«Return to LEAR'S FEBRUARY 1992 By Heidi Vanderbilt A Chilling Report Do you want to know what incest is? What it really is? No ...»
Independent corroboration: The corroboration of an independent party is required only in Alabama, Arkansas (if the victim consented and is at least 16), California (if the victim consented and is of legal age), and Illinois (if the testimony is not clear and convincing).
Penalties for Incest The penalties for the crime of incest vary from state to state.
• Indiana—imprisonment of up to 18 months, plus additional time for aggravating circumstances, or minus time for mitigating circumstances; a fine of less than $1,000.
• Delaware—imprisonment of up to 2 years; a fine of not more than $1,000
• Kansas—imprisonment of 2 to 10 years.
• Illinois—imprisonment of 4 to 15 years.
• Alaska, Arizona, California, Florida, Hawaii, Iowa, Louisiana (if uncle-niece or auntnephew incest), Missouri, New Mexico, New York, North Dakota, Oregon, South Dakota, Utah, Wyoming—imprisonment of up to 5 years.
• Alabama, Arkansas, Colorado, the District of Columbia, Georgia, Idaho, Kentucky, Louisiana (if other than uncle-niece or aunt-nephew incest), Maryland, Massachusetts, Minnesota, Mississippi, Montana, Nebraska, Nevada, New Hampshire, North Carolina, Oklahoma, Pennsylvania, Tennessee, Texas, Washington, West Virginia, Wisconsin— imprisonment of 5 years and up.
• South Carolina—imprisonment of 10 years and up.
Civil Remedies Many victims don't want to put their abuser in jail. Some want financial restitution for their therapy and for other consequences of the abuse. Others just want a written apology or a court order compelling the abuser to get therapy.
Enter civil remedies. Civil remedies give victims a chance to tell their story in court and to be awarded punitive damages for the pain and injury suffered.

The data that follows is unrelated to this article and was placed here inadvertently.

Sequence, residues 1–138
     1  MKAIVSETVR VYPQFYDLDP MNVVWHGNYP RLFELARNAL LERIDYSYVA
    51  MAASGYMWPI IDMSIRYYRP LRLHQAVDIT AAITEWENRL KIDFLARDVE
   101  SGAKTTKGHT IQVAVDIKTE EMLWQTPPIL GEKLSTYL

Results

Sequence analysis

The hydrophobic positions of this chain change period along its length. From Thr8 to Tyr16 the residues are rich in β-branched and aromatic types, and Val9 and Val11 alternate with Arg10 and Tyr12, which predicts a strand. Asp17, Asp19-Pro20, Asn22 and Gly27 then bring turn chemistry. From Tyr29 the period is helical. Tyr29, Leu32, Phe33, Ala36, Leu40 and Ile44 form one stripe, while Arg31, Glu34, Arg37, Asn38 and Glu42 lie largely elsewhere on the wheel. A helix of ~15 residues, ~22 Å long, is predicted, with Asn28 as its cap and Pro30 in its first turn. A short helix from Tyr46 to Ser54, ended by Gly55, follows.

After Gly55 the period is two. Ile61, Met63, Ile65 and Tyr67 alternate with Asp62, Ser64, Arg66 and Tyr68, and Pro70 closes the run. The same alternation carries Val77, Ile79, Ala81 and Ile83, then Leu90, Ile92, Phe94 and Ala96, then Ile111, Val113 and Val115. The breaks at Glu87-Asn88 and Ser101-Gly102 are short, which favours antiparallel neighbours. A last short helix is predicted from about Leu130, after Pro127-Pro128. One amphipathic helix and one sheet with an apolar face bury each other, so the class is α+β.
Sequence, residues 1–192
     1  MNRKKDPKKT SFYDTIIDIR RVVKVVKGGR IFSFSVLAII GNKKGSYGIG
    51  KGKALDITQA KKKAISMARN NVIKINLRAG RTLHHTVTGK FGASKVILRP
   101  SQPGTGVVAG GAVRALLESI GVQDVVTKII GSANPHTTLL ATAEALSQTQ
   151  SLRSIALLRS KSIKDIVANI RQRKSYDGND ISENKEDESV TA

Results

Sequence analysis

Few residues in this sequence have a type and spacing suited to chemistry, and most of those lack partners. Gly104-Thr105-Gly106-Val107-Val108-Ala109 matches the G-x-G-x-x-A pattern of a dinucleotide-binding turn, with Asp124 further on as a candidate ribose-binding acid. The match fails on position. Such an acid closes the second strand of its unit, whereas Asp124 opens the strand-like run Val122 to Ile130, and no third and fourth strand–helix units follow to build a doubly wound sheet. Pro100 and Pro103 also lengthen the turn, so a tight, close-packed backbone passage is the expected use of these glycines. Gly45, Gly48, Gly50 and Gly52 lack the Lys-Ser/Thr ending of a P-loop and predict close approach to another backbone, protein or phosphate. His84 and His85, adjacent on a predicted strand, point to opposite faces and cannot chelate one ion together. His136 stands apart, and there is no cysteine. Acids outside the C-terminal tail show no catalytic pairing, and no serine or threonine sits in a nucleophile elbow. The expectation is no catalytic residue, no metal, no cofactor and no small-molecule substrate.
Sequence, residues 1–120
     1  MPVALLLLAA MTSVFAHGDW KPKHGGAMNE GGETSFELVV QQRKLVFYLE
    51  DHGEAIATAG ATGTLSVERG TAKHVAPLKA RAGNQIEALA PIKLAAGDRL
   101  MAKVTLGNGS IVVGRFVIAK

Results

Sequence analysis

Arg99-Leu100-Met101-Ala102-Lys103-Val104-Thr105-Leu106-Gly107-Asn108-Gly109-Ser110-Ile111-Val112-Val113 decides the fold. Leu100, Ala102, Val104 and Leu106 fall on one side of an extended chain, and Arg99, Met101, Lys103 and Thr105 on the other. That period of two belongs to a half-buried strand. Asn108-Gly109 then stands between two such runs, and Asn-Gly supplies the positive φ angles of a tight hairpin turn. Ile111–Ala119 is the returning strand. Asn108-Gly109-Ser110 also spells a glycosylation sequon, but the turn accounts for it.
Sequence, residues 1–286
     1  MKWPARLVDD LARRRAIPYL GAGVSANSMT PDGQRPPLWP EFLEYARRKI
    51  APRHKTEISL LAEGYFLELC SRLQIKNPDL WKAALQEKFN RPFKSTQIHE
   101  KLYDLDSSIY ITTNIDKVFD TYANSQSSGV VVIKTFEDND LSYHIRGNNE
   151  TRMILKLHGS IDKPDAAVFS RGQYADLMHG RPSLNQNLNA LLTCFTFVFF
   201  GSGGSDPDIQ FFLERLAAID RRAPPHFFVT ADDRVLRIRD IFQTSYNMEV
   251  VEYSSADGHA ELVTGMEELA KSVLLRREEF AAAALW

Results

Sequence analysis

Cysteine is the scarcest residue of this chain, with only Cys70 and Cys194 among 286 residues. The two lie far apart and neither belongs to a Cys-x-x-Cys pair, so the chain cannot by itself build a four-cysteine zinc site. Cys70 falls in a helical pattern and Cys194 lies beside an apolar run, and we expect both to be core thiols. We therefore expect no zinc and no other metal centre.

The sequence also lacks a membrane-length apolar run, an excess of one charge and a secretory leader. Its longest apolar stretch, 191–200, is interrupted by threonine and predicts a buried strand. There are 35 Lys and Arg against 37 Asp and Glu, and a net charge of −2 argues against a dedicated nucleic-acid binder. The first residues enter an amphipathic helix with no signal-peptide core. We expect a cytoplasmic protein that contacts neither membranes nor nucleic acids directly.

For many victims, just lodging the complaint gives them a sense of empowerment that helps them heal.
Statutes of limitations generally are reckoned from the date of injury and run for a fixed period, often three years. But in child-sexual-abuse cases, the statute of limitations is often more flexible. Thanks to the dedicated work of lawyers such as Shari Karney and Page 54 of 56 Mary Williams of California, these statutes in some states begin when the victim remembers the abuse. The phenomenon is called delayed discovery and is based on the fact that someone who has no memory of an act cannot complain about it.
------------------------------------Reform legislation is imperative if we are to protect children against incest and sexual abuse. We urge our readers to send this letter, or some version of it, to their political representatives at the state level, including governors and legislators.
Dear The children of our state need your help. According to the most reliable studies of the incidence of incest and child sexual abuse in the United States, at least one out of three girls and one out of five boys will be sexually abused before the age of 18. Research has shown that 89 percent of these assaults are committed by someone the child knows, trusts, or loves. In spite of the crippling damage done to victims, incest often carries lighter penalties than other child sex-abuse crimes. I urge that all the laws in our state pertaining to incest and to any and all sexual assaults against children be reviewed and strengthened, and ask you to take the following steps as soon as possible.
1. Expand the definition of incest in our state in order to broaden the application of criminal statutes. Most states require vaginal penetration and a close blood relationship to establish incest in a criminal prosecution. The definition should be expanded to include any other acts of sexual assault by a parent or family member and any and all sexual assaults by any care giver—including stepparent, adoptive parent, and guardian of either sex—or any other person in a position of authority.